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Kentucky Spelling Bee Champ Follows in Sister's Footsteps

Paul Keaton, a seventh grader from Christ Central School in Pikeville, won the 2014 Kentucky Spelling Bee, following in the footsteps of sister Emily who went to the National Spelling Bee five years running as a regional bee winner representing Kentucky. Emily, now a ninth grader, was no longer eligible to compete.

Paul will advance to the Scripps National Spelling Bee in Washington, D.C., representing the Kentucky Spelling Bee, sponsored by the University of Kentucky School of Journalism and Telecommunications, and Kentucky Utilities. He will compete for a top cash prize of $30,000.

After a tense 22 rounds Saturday, Paul Keaton clinched his win by spelling “contralto” and “germicide,” his 22nd and 23rd words. But the other spellers did not make it easy for him.

Ashley DeVore, a fourth grader from Christian Homeschool Co-Op in Lexington, kept her cool through words from all around the world. In the 22nd round, however, “melismatic” tripped her up.

Abraham Nidhiry of the Danville Christian Academy missed “insouciant” and Tara Singh of the Louisville Classical Academy missed “veridical” in the 21st round to tie for third place.

Andrew Byrd, UK lecturer in linguistics, was the pronouncer.

“In order to know a word, you just have to see it multiple times and be familiar with it, so the key is multiple exposures,” Keaton said.

The first five or six rounds narrowed the group of 29 students down to 12 and a few rounds later, it was down to 6 students who went back-to-back for almost 10 rounds, before the competitors were down to two with DeVore and Keaton facing off.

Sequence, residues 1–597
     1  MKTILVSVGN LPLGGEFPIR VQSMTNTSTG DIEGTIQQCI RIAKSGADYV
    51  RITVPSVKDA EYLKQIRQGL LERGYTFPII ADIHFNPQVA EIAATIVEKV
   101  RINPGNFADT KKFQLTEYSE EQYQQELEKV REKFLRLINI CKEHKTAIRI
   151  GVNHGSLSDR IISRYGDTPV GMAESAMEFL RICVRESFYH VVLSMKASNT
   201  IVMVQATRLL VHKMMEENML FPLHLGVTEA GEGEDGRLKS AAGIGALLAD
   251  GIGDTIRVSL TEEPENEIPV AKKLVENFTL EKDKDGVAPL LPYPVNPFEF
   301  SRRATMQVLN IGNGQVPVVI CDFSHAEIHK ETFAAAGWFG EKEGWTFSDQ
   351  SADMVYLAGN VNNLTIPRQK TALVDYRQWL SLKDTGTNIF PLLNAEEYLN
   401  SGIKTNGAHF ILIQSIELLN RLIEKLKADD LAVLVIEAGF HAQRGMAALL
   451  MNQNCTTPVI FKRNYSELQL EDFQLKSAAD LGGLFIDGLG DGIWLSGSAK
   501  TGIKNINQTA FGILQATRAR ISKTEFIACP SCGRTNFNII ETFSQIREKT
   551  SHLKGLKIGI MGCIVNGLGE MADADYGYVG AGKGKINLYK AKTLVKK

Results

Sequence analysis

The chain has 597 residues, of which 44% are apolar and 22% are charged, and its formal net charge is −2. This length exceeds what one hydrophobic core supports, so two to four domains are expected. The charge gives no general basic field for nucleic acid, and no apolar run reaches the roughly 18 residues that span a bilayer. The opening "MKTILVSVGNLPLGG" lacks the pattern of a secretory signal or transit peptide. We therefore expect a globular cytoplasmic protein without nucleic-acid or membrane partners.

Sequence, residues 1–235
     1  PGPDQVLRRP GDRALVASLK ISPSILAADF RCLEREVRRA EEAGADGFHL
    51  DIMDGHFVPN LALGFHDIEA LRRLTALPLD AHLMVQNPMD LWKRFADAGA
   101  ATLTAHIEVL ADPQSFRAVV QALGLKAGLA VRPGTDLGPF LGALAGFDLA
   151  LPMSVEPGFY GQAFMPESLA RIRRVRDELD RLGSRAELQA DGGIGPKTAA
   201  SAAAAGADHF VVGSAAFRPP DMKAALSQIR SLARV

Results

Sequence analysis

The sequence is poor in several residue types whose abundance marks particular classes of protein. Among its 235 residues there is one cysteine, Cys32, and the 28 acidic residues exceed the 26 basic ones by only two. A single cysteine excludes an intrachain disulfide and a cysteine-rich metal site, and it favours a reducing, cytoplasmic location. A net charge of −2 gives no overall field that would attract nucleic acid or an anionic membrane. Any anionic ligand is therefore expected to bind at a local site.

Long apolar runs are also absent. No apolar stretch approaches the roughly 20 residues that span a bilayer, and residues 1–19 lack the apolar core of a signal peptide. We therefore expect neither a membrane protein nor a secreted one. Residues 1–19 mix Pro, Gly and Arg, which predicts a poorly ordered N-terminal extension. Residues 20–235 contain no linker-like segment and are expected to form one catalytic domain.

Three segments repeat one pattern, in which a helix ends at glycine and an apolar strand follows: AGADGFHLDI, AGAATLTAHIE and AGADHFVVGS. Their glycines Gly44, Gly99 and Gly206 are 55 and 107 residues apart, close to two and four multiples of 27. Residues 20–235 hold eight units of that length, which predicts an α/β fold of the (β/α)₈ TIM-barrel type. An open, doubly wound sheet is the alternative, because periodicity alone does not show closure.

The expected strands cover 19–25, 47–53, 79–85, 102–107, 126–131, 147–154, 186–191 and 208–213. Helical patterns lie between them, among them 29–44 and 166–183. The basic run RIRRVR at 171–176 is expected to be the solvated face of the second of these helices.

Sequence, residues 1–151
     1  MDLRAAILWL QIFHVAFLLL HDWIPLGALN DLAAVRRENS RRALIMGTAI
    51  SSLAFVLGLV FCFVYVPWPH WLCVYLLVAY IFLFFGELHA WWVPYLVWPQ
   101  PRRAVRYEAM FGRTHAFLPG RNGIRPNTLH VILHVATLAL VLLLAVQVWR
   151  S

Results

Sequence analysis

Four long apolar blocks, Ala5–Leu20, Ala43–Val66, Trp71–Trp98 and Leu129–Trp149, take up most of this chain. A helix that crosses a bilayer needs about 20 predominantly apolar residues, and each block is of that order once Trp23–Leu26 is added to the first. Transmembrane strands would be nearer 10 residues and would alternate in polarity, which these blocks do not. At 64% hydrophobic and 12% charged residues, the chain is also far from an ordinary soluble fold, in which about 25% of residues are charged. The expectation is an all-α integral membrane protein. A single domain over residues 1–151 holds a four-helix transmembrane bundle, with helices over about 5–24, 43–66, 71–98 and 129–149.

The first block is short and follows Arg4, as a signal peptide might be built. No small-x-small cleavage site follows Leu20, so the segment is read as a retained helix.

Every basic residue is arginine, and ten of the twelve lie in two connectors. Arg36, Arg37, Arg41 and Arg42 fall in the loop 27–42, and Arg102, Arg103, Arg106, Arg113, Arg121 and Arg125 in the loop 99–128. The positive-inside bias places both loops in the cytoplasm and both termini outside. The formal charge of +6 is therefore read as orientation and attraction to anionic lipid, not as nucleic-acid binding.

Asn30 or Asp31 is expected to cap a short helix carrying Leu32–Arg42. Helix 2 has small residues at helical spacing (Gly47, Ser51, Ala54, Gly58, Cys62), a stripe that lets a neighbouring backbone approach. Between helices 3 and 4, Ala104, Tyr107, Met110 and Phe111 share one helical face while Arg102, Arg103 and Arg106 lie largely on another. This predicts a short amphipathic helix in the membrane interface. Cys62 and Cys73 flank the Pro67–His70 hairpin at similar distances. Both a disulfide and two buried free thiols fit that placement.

Keaton said that he and his family study “whenever we can throughout the year.”

Mike Farrell, Spelling Bee coordinator, associate professor of journalism and telecommunications at UK and director of the Scripps Howard First Amendment Center, mentioned Emily was there to support her brother.

When asked if the siblings were competitive, Paul replied, “we respect each other.”

Paul is headed to nationals after winning this bee and he said that if he doesn’t win at nationals, he will come back to the Kentucky Spelling Bee for his age-out year.

Despite the challenging competition this year, Keaton seemed extremely confident.

“I felt pretty sure throughout all the words,” he said.

Keaton will compete in the 2014 Scripps National Spelling Bee on May 18 in Washington D.C. The final rounds will be televised by ESPN.
This story appears courtesy of KY Forward and is written by intern Erin Grigson, a senior at the University of Kentucky, where she is majoring in journalism and music education.

Photo by Adam Pennavaria

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